Third Trimester Abortion: Is Compassion Enough?

Br J Obstet Gynaecol. 1999 Apr;106(4):293-6. doi: 10.1111/j.1471-0528.1999.tb08264.x.

Abstract

PIP: One comprehensive ethical framework that can be applied to cases of third trimester abortion is based on the following notion: patient trust depends upon physicians developing specific virtues and basing their professional actions on these virtues. One such virtue, as described by Dr. John Gregory in 1772, is sympathy for the distress of others that overcomes self-interest. This application of sympathy and desire to relieve suffering can justify late term abortion in some cases. The compassionate response to sympathy forwarded by Gregory, however, must be properly regulated by reason, as Gregory himself recognized. Thomas Percival (1740-1803), author of the classic text "Medical Ethics," charged physicians with uniting "tenderness" (Gregory's "sympathy") with "steadiness." This combination of virtues reoccurs in the contemporary work of bioethicists Edmund Pellegrino and David Thomasma. The intellectual component of compassion requires physicians to exhibit compassion towards their patients, and this includes fetal patients. Thus, third trimester abortion is only justified in cases where fetal abnormalities are associated with the certainty or near certainty of early death or of a complete absence of cognitive developmental capacity. Most anomalies fail to meet these criteria, and physicians must exhibit the virtues of self-effacement and integrity to make rigorous, clinical, ethical judgements and properly balance the interests of the pregnant woman and the fetus.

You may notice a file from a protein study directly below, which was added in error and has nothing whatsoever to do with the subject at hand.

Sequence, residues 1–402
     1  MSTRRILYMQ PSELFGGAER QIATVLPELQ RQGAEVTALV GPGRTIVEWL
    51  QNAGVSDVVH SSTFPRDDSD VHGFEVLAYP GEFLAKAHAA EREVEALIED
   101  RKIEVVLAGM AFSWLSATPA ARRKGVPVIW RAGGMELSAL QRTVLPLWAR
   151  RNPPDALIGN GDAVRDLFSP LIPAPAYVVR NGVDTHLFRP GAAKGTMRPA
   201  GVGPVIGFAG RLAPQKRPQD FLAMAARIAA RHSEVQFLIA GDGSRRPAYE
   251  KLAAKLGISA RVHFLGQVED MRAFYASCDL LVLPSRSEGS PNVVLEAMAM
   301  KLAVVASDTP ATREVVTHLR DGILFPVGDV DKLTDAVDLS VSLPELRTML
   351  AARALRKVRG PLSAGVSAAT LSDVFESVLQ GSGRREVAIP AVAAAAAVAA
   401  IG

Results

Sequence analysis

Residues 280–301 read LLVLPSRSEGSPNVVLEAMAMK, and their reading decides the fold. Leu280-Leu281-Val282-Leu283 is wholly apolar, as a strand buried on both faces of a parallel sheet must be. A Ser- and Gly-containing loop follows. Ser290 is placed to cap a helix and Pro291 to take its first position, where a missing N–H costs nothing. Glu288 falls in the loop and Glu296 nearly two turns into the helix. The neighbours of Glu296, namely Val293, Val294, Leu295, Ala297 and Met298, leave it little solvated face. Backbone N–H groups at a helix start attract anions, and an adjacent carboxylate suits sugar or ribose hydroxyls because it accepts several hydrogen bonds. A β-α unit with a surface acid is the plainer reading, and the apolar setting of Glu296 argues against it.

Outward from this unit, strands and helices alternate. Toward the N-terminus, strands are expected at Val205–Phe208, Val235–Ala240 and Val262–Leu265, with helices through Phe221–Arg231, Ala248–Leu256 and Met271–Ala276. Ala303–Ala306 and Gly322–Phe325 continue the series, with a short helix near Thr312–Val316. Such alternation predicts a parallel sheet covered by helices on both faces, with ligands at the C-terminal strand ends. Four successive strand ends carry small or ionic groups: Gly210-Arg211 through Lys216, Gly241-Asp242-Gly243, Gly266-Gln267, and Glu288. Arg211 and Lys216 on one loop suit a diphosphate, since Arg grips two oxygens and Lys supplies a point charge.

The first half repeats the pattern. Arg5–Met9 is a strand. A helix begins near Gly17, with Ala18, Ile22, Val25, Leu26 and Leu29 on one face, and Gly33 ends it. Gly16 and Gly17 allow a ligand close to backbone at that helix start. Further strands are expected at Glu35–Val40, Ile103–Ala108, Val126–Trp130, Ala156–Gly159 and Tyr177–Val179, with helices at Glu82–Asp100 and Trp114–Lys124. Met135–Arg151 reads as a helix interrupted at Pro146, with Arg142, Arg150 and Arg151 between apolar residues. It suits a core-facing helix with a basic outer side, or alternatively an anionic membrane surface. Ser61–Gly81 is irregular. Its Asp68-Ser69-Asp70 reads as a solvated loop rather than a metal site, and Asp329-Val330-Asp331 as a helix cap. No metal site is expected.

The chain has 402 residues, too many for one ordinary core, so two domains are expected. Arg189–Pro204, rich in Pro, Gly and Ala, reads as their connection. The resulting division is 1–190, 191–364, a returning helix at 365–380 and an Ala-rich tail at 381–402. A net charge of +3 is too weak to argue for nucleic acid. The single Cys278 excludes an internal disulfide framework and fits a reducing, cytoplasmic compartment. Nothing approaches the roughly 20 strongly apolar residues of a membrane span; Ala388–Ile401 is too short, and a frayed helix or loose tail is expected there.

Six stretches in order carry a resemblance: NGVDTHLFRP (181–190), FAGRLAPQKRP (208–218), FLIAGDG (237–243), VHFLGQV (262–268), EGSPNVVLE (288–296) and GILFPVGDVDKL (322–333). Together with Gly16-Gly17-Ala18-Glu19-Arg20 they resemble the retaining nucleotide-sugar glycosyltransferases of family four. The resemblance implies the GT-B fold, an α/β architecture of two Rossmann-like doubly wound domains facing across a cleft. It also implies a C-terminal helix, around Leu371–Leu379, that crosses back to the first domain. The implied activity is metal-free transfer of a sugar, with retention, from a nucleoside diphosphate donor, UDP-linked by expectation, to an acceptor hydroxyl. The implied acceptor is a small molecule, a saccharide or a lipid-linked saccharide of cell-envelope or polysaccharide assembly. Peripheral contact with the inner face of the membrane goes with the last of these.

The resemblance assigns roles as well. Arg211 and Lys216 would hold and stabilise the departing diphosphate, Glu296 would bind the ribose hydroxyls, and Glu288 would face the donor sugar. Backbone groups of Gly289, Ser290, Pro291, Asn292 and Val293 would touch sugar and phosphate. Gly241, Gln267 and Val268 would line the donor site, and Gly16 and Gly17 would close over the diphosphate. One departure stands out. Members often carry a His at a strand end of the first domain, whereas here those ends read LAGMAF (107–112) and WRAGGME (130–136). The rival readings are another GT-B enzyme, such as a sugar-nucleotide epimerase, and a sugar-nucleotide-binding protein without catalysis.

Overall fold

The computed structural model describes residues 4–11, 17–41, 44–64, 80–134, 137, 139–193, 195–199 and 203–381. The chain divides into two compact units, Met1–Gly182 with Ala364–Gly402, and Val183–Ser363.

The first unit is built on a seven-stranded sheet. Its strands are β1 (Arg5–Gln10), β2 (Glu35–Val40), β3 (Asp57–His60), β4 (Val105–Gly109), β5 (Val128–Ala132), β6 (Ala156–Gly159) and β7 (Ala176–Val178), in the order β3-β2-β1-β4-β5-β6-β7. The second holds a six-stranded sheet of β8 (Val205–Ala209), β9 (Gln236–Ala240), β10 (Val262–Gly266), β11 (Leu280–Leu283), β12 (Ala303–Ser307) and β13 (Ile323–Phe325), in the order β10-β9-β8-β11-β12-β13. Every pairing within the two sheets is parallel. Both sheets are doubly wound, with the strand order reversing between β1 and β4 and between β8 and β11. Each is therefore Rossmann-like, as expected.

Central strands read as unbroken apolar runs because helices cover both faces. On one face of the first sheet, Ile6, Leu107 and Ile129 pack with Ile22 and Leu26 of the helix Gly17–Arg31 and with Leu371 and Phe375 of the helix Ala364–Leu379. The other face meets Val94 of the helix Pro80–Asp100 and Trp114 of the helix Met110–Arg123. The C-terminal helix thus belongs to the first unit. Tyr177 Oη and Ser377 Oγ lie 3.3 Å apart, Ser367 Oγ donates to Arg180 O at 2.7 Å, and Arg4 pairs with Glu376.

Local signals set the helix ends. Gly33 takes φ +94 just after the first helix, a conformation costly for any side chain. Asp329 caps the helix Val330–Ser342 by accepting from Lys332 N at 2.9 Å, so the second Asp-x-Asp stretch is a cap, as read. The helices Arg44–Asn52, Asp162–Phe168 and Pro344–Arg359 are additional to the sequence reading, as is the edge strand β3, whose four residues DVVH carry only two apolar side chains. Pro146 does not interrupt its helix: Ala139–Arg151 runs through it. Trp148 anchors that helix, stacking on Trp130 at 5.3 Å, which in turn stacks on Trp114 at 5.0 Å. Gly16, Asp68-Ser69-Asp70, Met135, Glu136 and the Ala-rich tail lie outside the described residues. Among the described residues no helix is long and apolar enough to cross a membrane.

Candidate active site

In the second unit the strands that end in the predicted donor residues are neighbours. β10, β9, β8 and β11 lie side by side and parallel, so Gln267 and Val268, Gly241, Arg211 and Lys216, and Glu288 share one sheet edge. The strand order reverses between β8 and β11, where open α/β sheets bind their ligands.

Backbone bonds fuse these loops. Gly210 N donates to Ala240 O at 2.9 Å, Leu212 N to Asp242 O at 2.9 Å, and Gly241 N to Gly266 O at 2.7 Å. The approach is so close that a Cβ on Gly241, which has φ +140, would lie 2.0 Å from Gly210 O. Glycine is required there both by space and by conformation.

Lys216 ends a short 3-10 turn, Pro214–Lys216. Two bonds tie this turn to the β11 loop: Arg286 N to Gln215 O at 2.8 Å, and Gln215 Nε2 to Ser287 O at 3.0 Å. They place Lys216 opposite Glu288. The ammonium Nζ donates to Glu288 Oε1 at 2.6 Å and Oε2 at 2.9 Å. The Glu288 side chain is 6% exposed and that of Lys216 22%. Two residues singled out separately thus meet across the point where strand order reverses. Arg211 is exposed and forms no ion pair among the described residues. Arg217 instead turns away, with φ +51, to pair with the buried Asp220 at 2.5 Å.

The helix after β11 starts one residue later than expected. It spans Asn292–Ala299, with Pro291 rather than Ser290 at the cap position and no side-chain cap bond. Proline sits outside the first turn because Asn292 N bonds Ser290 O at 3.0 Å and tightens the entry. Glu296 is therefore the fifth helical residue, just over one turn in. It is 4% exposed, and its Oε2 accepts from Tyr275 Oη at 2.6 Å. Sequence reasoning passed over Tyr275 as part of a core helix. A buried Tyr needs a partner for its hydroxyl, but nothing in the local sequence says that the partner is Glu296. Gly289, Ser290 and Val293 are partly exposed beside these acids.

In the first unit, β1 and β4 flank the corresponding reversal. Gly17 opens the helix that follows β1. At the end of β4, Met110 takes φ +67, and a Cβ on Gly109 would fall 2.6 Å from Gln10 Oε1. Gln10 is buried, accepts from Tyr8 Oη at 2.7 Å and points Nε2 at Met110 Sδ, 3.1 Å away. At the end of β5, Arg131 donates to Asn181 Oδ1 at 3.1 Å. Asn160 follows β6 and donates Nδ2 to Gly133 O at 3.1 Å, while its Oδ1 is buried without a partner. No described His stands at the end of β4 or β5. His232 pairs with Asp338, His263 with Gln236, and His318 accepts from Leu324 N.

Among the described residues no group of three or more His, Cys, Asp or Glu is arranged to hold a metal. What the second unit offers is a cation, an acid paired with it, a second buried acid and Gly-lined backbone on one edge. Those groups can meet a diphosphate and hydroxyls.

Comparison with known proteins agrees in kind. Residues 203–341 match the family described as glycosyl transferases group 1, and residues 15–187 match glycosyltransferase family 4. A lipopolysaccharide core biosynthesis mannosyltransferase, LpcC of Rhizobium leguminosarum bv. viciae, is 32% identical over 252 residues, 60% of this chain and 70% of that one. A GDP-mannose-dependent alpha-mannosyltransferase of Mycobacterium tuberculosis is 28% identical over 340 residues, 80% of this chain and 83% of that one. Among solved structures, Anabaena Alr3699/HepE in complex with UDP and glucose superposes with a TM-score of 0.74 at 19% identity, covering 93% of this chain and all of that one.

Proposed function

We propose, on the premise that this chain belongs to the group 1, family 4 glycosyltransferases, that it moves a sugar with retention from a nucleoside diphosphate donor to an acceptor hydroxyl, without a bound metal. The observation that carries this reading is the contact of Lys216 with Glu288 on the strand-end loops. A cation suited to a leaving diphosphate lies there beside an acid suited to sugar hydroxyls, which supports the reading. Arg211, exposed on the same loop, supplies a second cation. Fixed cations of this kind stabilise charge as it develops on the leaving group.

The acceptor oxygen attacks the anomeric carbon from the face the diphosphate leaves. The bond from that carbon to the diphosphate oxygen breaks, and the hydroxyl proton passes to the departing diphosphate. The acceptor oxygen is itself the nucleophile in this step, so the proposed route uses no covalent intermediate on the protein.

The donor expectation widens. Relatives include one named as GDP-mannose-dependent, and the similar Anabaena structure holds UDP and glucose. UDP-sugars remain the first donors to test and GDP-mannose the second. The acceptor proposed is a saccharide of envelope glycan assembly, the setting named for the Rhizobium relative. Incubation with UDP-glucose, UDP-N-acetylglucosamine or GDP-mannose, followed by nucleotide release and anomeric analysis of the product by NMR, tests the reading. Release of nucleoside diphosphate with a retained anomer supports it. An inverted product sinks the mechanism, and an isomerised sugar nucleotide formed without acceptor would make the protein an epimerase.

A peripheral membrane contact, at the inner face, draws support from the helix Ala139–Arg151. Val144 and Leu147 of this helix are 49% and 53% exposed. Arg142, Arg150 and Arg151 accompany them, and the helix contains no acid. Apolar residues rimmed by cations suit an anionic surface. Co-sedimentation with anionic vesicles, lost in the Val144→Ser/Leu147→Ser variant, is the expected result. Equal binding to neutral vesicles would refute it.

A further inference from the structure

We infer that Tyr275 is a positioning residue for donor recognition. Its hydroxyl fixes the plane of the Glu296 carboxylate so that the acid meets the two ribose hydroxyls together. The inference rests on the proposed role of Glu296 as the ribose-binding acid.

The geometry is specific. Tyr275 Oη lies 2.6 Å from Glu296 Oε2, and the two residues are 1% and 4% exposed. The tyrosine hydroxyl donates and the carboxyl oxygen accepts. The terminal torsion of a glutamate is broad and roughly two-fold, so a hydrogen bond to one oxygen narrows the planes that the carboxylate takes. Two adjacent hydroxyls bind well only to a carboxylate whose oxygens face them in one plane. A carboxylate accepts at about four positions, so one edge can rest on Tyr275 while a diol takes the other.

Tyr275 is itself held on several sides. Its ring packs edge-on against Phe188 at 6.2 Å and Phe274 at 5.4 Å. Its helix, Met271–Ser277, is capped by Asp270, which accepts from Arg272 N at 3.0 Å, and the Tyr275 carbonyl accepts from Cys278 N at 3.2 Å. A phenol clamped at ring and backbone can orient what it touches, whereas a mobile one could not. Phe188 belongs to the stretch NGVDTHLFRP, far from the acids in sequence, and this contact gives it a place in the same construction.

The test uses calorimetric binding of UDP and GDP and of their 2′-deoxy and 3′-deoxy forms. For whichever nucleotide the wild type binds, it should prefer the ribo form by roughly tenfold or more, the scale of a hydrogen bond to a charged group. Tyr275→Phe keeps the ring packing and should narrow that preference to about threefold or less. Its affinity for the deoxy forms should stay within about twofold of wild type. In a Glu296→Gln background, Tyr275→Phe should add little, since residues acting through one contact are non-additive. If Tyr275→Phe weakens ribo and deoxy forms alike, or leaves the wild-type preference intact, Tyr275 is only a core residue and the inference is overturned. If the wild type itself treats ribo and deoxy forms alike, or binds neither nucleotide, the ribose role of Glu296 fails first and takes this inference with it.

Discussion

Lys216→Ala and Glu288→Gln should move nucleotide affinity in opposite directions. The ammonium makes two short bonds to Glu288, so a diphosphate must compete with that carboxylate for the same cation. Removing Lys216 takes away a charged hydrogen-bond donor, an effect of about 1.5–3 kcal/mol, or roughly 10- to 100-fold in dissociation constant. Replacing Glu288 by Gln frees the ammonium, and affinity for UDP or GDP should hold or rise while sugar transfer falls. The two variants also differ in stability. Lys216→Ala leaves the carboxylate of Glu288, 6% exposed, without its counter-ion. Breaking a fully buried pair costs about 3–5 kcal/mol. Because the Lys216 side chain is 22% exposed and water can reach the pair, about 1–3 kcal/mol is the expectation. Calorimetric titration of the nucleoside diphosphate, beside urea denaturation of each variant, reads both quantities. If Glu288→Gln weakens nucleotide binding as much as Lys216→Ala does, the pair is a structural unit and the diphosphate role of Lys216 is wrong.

MeSH terms

  • Abortion, Induced*
  • Congenital Abnormalities*
  • Ethics, Medical*
  • Female
  • Humans
  • Physician-Patient Relations
  • Pregnancy
  • Pregnancy Trimester, Third